Probably the best decision hot rodders can make is to marry someone who is as crazy about cars as they are. That's exactly what happened to the owner of this beautiful black '40 Ford DeLuxe coupe. Diane Walsh has a husband who loves hot rods just as much as she does.
In fact, both Diane and Tom are big '40 Ford fans. For Diane, it's a car she's always admired for its style. For Tom, it goes back to nostalgic memories of the Flathead-powered '40 his older brother, John, owned back in the mid '50s.
That was the first car Tom ever drove, and he didn't get far before being pulled over by the friendly neighborhood cop. "Does your brother know you have his car out?" the officer asked him. "No sir," answered the 10-year-old peering up from behind the steering wheel. "Then why don't you drive it home right now and put it back right where it was, and I won't say anything to your brother. And don't drive again until your get your license."
In addition to liking hot rods, Diane's husband builds hot rods-and he's really good at it. Tom Walsh has built record-setting Bonneville racers and America's Most Beautiful Roadster finalists and winners, including the red '32 roadster you saw in these pages a few months ago and may have seen at the Grand National Roadster Show in January. In this case, the goal wasn't to win a trophy or set a land speed record, but to drive a cool-looking resto rod. It didn't have to be radical-just practical, reliable, and fun.
The flashiest part of the whole car is the bright red Cadillac air cleaner with a little b
The buildup of this coupe was a two-year project, preceded by 25-year hibernation covered in a barn. When the Walshes bought the car, the body was nice, and it showed signs of having been hot-rodded at one time. From the looks of the frame and the position of some crossmembers, Tom figures it might have been Olds- or Cadillac-powered in a previous incarnation.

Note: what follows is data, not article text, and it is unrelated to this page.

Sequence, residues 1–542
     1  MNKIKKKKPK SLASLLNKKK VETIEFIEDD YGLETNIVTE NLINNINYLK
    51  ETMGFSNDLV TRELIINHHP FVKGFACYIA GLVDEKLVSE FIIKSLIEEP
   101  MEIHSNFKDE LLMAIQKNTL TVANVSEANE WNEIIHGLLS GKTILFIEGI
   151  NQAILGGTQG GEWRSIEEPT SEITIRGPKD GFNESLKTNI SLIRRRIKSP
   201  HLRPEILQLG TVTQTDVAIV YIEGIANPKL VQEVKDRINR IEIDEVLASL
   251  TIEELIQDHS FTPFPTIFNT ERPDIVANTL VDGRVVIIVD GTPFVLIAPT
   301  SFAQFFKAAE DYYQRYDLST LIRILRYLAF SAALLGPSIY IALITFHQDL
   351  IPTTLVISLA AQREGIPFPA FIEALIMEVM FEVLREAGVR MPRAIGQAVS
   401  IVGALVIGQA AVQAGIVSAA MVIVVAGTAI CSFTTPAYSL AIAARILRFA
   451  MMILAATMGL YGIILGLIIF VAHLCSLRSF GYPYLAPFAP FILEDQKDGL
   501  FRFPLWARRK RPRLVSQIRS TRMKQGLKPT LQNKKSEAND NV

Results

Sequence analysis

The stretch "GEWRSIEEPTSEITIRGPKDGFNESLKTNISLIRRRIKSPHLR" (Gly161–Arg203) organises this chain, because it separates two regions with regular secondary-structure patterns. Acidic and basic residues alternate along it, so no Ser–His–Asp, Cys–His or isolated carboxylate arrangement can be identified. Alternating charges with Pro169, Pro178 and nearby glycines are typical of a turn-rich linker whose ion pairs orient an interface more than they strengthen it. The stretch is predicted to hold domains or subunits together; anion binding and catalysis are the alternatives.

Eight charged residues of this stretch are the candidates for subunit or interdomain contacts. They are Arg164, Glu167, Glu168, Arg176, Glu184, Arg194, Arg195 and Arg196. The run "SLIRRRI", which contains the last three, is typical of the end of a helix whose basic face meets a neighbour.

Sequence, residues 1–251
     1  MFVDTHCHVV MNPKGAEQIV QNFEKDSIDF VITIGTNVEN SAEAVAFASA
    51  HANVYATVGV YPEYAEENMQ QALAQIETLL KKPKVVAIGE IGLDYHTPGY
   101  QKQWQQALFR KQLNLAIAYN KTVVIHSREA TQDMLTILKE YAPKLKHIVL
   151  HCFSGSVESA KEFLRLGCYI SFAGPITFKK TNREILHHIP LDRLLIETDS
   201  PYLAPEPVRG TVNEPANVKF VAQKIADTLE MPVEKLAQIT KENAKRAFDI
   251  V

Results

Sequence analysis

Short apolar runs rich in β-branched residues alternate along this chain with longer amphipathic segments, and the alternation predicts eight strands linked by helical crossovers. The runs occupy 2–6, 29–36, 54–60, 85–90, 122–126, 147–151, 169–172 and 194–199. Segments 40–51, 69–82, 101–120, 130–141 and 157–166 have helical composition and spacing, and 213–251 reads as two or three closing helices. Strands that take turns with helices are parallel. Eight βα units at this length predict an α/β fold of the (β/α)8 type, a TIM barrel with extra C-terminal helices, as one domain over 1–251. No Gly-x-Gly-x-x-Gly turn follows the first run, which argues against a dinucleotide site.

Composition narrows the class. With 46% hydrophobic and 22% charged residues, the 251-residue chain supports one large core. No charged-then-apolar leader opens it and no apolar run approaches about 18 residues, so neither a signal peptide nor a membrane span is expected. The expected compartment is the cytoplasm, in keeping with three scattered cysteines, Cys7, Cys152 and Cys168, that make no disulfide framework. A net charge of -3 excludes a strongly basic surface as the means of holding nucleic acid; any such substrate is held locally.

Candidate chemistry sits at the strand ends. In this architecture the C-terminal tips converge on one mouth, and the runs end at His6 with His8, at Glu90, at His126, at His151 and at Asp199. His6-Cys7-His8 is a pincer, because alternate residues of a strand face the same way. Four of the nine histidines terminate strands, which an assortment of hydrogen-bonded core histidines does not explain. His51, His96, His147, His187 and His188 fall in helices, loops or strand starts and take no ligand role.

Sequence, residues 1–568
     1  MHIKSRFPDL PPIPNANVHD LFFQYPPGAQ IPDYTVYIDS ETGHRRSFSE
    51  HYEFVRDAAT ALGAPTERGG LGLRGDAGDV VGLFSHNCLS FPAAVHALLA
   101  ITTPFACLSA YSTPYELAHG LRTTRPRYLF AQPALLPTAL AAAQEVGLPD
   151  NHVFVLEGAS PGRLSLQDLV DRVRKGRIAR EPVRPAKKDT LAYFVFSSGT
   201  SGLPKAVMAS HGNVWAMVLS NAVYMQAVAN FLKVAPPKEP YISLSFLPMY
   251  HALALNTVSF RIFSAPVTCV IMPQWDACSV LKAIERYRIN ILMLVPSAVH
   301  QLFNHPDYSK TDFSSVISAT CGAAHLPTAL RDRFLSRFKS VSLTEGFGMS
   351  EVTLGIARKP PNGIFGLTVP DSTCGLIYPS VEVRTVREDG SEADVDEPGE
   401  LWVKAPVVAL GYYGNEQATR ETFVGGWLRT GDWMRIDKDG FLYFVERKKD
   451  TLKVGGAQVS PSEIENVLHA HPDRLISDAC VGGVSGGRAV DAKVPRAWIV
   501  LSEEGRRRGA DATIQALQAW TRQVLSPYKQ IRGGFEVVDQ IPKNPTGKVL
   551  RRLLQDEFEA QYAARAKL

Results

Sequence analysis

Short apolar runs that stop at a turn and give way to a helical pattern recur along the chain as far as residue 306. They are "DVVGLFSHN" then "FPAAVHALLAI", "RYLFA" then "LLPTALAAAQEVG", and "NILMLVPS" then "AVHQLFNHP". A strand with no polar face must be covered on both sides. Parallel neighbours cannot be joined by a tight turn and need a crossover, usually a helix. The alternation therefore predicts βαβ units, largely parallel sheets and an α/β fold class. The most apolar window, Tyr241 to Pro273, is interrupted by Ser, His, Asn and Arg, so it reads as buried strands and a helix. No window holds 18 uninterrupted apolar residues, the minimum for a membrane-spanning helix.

Now it's Chevy-powered, courtesy of an 0.030-over 350 small-block, balanced and blueprinted, and nostalgically dressed with a Cadillac air cleaner and Corvette valve covers painted red to pop against the black paint. Fuel and air are fed through a 650-cfm Edelbrock carburetor and Edelbrock manifold, and exhaust exits through HPC-coated headers and stainless pipes and tube-type mufflers.
Tom fitted the frame to accommodate the Chevy engine and re-fabricated the center X-member to allow the Turbo 350 transmission to be removed without having to pull out the engine. With driving in mind, he added a Heidts independent front suspension and a 3.08:1-geared Lincoln Versailles rearend, with antiroll bars and Strange double-adjustable shocks at both ends, plus coil springs in front and leafs in back. With stopping in mind, he added four-wheel discs. Goodyear radials were also chosen for the road, wrapped around 15-inch red Ford steelies spiffed up with more red paint and rings and caps.
Neither Diane nor Tom had a good reason to make body mods on a car with iconic lines and well-preserved stock steel, so it stayed stock. Tom had to put some effort into lining up the hood, but the results are right on. Rich Souza at D&S Body Shop performed some pre-paint sheetmetal work and shot the paint-black of course. The color choice was never in question; it was always their favorite color for '40 coupes. Steve Moal provided the pair of outside mirrors.
The '40 DeLuxe dash was kept stock with the original gauges converted to 12-volt power. The rest of the interior retains resto rod styling, from the '40 steering wheel to the seats. Ken Nemanic at Vintage Automotive Upholstery covered everything in Bedford cord ribbed fabric that stays comfortable whether the air temperature is hot or cold. Vintage Air A/C adds to the comfort.
The Walshes told us that their favorite view of the '40 is looking out past the hood with the highway ahead of them. The coupe wasn't finished long before Diane and Tom got to enjoy that view. It had 220 miles on the clock when they loaded the travel-friendly trunk and started their first road trip, covering approximately 3,000 miles before returning home to Danville, California. What else would you expect from a couple who loves hot rods and a hot rod built for fun?